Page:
There are essentially two problems in conventional free-field reciprocity calibration of condenser microphones: 1) an extremely low signal-to-noise ratio at low frequencies, caused by the fact that the microphones are very poor radiators of sound below 500 Hz, and 2) reflections from the walls of the anechoic chamber. The purpose of this PhD study is to examine alternatives to the conventional free-field reciprocity calibration technique. Two experimental techniques for determining the frequency response between two microphones have been studied, a frequency domain method based on pure tone excitation, and the MLS method, which is a time domain method. A computer simulation study of the frequency response between two microphones in a free field has been carried out. The purpose of the simulation study is to examine if the direct field and later reflections from the walls can be separated using time windowing. The corresponding impulse response has been obtained using an inverse Fourier transform. The limitations resulting from the fact that the frequency response because of the poor signal-to-noise ratio is truncated at low frequencies have been studied. The computer simulations are supplemented by experiments using the two different methods mentioned above. The results of the study should improve the accuracy of the methods currently used in determining the free-field correction of condenser microphones. The results may also be applied to simultaneous free-field and diffuse-field calibration of condenser microphones.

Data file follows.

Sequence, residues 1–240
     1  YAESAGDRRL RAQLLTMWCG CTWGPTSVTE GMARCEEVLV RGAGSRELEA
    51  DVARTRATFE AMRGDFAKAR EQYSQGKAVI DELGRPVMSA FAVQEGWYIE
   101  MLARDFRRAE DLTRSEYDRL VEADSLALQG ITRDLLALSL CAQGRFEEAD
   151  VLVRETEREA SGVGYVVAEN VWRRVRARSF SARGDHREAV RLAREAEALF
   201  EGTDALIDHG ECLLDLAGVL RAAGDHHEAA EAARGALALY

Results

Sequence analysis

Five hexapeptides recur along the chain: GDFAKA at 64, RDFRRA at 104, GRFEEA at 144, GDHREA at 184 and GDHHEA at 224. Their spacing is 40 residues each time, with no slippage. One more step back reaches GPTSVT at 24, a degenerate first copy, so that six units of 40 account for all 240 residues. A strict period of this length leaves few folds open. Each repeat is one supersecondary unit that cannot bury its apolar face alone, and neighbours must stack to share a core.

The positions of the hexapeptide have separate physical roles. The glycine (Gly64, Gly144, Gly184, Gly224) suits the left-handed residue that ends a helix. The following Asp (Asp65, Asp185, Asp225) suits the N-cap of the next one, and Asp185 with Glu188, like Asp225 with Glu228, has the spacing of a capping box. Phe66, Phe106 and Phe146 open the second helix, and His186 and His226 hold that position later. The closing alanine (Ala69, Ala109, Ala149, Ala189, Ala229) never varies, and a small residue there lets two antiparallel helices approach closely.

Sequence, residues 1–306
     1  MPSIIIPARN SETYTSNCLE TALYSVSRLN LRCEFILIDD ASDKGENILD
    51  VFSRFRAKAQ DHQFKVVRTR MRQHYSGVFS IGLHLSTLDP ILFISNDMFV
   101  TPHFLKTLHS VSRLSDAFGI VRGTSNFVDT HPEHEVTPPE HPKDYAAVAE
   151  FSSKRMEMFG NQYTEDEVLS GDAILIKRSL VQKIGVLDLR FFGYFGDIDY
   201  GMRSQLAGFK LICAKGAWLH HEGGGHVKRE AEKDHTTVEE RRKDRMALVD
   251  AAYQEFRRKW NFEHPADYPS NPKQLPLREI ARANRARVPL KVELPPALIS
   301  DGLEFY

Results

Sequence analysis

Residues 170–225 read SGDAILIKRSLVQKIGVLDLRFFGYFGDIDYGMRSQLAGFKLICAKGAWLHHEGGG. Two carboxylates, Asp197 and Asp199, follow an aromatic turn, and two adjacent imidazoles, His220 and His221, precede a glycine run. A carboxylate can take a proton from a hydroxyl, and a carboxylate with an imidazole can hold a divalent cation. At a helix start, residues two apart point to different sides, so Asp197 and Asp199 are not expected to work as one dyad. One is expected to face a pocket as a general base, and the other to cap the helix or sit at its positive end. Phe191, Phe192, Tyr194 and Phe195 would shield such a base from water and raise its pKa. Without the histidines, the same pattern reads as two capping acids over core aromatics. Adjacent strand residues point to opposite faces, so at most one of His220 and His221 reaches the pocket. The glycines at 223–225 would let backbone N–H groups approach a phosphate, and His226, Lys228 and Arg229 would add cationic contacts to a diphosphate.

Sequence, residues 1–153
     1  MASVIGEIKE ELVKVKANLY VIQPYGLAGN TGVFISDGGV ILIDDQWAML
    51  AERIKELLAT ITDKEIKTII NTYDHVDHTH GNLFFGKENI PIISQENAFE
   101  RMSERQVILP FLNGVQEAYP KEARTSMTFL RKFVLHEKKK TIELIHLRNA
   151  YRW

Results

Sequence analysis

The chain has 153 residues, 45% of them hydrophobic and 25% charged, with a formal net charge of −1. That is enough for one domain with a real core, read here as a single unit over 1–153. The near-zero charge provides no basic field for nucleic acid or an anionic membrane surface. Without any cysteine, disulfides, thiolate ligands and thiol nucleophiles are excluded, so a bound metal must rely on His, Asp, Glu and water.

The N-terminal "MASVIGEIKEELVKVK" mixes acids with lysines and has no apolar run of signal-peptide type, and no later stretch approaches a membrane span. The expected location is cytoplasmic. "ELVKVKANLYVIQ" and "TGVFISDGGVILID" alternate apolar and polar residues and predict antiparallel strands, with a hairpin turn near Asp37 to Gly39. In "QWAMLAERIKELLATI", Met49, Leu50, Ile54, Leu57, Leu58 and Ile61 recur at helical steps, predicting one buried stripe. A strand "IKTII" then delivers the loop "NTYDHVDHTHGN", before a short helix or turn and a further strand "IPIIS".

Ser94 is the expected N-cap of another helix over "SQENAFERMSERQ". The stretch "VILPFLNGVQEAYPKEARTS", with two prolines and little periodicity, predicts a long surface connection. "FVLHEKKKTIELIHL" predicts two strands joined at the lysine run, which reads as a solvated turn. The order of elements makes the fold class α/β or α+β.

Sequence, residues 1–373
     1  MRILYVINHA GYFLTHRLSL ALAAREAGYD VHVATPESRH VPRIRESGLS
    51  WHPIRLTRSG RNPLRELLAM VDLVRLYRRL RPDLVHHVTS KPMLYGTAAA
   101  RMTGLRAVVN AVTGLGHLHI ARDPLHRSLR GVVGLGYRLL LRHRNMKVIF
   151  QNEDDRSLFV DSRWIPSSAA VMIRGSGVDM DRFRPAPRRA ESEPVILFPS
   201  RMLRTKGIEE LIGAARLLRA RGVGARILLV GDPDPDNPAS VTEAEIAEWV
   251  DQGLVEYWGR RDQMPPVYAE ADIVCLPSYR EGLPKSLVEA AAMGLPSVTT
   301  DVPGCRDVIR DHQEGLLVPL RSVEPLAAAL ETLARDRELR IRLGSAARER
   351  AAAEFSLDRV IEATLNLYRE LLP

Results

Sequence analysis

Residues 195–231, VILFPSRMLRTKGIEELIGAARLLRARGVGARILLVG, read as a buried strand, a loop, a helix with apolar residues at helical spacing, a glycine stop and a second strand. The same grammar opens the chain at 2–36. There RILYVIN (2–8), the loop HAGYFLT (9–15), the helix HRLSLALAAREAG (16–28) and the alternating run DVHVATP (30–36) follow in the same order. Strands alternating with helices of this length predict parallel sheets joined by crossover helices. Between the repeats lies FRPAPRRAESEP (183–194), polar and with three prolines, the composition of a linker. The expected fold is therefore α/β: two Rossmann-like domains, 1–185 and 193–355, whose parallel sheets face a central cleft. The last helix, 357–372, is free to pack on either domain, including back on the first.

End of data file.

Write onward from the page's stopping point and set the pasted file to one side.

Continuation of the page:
|Effective start/end date||01/11/2000 → …|